Tuesday, February 02, 2016

Groundhogs and Bees, Oh My!

Great news library fans! 
Punxsutawney Phil 
did not see his shadow today!

A screengrab of a video by the tourism website of the state of Pennsylvania shows the groundhog Punxsutawney Phil being watched for signs of his shadow.
Phil and The Groundhog Club of Punxsutawney, Pennsylvania this morning

(As if anybody around these parts was doubting that we would have an early spring this year. Ha, we have barely had winter!) With the unbridled sunshine of the past 2 days and temps in the 60's, I'm thinking we didn't need to bother a sleeping groundhog for this information, but I don't think this group of gents gets out too much. I'm curious if there are any women in the curious club or perhaps they find the garb too mundane?

Other famous groundhogs around the country corroborated on what Phil had to "say", so the outlook is promising for sunshiny days ahead. Although truth be told, my daffodils are already coming up and my bees took a cleansing flight today, so that's also pretty telling. Did I mention that I live in Maine?! It should be noted that ole Phil has an accuracy rate of like 28%, but for all intensive purposes let's just embrace this early spring thing. I like the sounds of it.

And thus I am thinking of getting you out of your winter reading funk and into some fresh and breezy literature. How's that sound to put a spring in your step? Think butterflies and Paris, love and verandas. 

I also mentioned my bees because this school is abuzz with our first successful hive and now we are fundraising for an additional one. If you have any interest in learning more about the hive and the bee club, contact Sophia  at sophia.duplin@govsacademy.org. If, however you would like to learn more about the nature of honeybees or the hobby of keeping bees, come check out our latest book display on one of nature's most darling species. You an also seek me out. We'll talk.

A Book of Bees by Sue Hubbell -
(my personal favorite book about honeybees)

In terms of springing ahead with a book selection, it's time to put down War and Peace or that depressing memoir from Maine (no offense, Elizabeth Strout, I love your work!). On Groundhog day, may I suggest we focus anew on a fresh start and rebirth?

A Room With a View by E.M. Forster: Spring may as well be a character in this romantic comedy set in Italy and England. As Miss Lucy Honeychurch, a proper young Edwardian lady destined for a respectable marriage, explores verdant Tuscany with her genteel chaperone, she finds the intoxicating atmosphere of spring and the allure of unsuitable (but kind and soulful) George Emerson threaten to loosen her lady-like reserve: “In the company of this common man the world was beautiful and direct. For the first time she felt the influence of Spring.” Lucy’s settled path, through a properly repressed girlhood to a properly repressed marriage, no longer seems so assured, as she awakens to the possibility of a different, more open way of living. (Huffington Post)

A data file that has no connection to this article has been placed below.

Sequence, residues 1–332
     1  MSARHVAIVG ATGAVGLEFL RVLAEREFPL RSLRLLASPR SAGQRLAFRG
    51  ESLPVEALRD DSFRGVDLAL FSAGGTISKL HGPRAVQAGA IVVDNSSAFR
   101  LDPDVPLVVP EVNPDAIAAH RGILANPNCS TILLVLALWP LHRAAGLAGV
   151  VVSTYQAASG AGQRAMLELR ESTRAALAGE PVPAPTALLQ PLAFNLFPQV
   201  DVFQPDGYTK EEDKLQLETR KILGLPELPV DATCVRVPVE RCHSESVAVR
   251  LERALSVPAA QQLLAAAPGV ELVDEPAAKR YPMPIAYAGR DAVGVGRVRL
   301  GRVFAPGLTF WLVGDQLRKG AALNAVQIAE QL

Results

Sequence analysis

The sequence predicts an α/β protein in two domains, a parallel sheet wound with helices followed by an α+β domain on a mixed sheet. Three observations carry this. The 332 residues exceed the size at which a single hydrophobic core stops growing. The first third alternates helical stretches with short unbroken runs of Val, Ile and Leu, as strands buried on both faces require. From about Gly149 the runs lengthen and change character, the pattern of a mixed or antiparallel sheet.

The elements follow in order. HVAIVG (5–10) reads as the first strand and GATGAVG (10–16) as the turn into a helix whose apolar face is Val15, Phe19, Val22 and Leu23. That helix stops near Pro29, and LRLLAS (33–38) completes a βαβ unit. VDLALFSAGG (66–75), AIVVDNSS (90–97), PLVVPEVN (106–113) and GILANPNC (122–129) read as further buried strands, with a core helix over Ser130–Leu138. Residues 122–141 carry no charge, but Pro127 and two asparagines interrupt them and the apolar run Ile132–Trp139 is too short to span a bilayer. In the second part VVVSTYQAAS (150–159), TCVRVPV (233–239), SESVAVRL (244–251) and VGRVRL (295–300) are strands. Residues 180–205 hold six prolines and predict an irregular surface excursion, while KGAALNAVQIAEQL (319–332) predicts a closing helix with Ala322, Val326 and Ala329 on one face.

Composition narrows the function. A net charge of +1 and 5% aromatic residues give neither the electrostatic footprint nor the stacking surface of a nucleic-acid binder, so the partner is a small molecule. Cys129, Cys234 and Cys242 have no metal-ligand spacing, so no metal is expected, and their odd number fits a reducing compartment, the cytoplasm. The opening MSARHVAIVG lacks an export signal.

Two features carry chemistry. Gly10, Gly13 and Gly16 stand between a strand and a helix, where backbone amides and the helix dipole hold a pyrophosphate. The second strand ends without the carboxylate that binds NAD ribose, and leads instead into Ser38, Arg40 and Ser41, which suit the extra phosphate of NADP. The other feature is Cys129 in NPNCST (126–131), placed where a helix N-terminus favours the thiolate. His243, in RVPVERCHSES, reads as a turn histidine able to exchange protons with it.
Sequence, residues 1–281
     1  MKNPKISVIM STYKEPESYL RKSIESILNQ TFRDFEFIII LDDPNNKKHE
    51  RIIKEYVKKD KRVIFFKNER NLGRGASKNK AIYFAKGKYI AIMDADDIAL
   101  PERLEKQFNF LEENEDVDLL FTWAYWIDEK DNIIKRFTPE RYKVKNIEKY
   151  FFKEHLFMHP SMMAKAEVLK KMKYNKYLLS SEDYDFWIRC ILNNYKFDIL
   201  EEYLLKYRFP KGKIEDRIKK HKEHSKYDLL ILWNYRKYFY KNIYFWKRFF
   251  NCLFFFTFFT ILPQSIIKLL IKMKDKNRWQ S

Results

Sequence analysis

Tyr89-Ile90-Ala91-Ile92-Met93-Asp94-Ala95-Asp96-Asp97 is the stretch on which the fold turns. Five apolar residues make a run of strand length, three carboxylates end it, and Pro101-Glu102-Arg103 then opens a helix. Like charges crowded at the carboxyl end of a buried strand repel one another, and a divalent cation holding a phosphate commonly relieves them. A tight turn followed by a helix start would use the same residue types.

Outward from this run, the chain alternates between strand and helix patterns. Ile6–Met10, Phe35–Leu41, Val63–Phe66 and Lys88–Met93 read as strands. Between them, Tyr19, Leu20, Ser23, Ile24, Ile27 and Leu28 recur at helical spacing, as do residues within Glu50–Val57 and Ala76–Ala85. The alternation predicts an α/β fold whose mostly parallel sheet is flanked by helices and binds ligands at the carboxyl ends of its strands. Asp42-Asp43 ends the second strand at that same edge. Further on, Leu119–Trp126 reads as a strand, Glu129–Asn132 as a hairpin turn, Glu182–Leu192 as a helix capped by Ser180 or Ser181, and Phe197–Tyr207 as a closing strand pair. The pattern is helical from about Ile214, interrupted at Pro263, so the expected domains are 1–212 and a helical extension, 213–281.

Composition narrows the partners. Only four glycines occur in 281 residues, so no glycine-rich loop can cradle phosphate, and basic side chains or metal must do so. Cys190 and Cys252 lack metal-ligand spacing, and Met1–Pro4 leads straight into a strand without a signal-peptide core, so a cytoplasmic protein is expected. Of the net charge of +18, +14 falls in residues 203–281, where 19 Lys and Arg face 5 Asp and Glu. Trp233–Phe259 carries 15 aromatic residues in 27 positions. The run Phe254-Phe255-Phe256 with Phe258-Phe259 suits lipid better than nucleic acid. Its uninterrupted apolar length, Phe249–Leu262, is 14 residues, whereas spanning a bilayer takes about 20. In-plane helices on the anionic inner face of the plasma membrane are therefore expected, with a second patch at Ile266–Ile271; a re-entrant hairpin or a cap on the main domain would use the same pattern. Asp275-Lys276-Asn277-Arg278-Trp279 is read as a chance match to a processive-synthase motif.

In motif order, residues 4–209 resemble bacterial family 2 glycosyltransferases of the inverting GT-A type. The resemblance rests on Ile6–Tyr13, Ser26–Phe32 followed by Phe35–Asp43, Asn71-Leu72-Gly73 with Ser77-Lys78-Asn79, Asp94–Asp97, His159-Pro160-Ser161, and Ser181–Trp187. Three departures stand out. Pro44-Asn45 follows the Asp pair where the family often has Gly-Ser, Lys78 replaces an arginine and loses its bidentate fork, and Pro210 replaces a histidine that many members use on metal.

Breakfast at Tiffany's - In this seductive, wistful masterpiece, Truman Capote created a woman whose name has entered the American idiom and whose style is a part of the literary landscape. Holly Golightly knows that nothing bad can ever happen to you at Tiffany's; her poignancy, wit, and naïveté continue to charm. (Amazon)

                                                           *one of Mrs. Mcvicker's favorite books!

Though The Art of Fielding is his fiction debut, Chad Harbach writes with the self-assurance of a seasoned novelist. He exercises a masterful precision over the language and pacing of his narrative, and in some 500 pages, there's rarely a word that feels out of place. The title is a reference to baseball, but Harbach's concern with sports is more than just a cheap metaphor. The Art of Fielding explores relationships--between friends, family, and lovers--and the unpredictable forces that complicate them. There's an unintended affair, a post-graduate plan derailed by rejection letters, a marriage dissolved by honesty, and at the center of the book, the single baseball error that sets all of these events into motion. The Art of Fielding is somehow both confident and intimate, simple yet deeply moving. Harbach has penned one of the year's finest works of fiction. (Amazon)

Now this blog post couldn't end without a recommendation to watch Bill Murray in Groundhog Day for the hundredth time! It's still funny, trust me on this one. I think The Groundhog Club in Pennsylvania is having a free showing tonight, if you're game! If not, we have it in our collection

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